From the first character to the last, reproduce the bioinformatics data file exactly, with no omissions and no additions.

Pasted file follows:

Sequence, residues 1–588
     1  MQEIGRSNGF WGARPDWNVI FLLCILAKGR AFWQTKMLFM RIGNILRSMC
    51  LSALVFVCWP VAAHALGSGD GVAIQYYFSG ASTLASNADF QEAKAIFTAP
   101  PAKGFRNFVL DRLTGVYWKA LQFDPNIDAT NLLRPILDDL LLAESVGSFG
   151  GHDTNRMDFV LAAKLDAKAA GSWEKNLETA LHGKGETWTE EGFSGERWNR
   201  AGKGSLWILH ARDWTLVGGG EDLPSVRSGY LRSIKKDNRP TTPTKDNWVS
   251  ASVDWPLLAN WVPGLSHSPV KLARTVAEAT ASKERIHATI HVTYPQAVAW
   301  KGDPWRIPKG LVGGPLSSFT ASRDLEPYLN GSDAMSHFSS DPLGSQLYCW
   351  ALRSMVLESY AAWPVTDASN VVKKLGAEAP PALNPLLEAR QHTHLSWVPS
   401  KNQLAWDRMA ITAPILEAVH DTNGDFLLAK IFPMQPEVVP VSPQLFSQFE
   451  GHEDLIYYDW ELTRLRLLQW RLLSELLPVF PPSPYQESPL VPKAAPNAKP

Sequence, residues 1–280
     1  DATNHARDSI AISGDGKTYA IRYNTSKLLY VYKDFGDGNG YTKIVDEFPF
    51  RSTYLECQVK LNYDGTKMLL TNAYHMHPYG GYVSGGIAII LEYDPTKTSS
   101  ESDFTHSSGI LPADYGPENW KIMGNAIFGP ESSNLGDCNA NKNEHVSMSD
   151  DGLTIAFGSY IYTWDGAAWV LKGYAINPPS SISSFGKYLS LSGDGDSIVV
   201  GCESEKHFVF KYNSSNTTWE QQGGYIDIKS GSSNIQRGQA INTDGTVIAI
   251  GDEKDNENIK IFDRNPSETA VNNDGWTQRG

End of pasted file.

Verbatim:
Sequence, residues 1–588
     1  MQEIGRSNGF WGARPDWNVI FLLCILAKGR AFWQTKMLFM RIGNILRSMC
    51  LSALVFVCWP VAAHALGSGD GVAIQYYFSG ASTLASNADF QEAKAIFTAP
   101  PAKGFRNFVL DRLTGVYWKA LQFDPNIDAT NLLRPILDDL LLAESVGSFG
   151  GHDTNRMDFV LAAKLDAKAA GSWEKNLETA LHGKGETWTE EGFSGERWNR
   201  AGKGSLWILH ARDWTLVGGG EDLPSVRSGY LRSIKKDNRP TTPTKDNWVS
   251  ASVDWPLLAN WVPGLSHSPV KLARTVAEAT ASKERIHATI HVTYPQAVAW
   301  KGDPWRIPKG LVGGPLSSFT ASRDLEPYLN GSDAMSHFSS DPLGSQLYCW
   351  ALRSMVLESY AAWPVTDASN VVKKLGAEAP PALNPLLEAR QHTHLSWVPS
   401  KNQLAWDRMA ITAPILEAVH DTNGDFLLAK IFPMQPEVVP VSPQLFSQFE
   451  GHEDLIYYDW ELTRLRLLQW RLLSELLPVF PPSPYQESPL VPKAAPNAKP

Sequence, residues 1–280
     1  DATNHARDSI AISGDGKTYA IRYNTSKLLY VYKDFGDGNG YTKIVDEFPF
    51  RSTYLECQVK LNYDGTKMLL TNAYHMHPYG GYVSGGIAII LEYDPTKTSS
   101  ESDFTHSSGI LPADYGPENW KIMGNAIFGP ESSNLGDCNA NKNEHVSMSD
   151  DGLTIAFGSY IYTWDGAAWV LKGYAINPPS SISSFGKYLS LSGDGDSIVV
   201  GCESEKHFVF KYNSSNTTWE QQGGYIDIKS GSSNIQRGQA INTDGTVIAI
   251  GDEKDNENIK IFDRNPSETA VNNDGWTQRG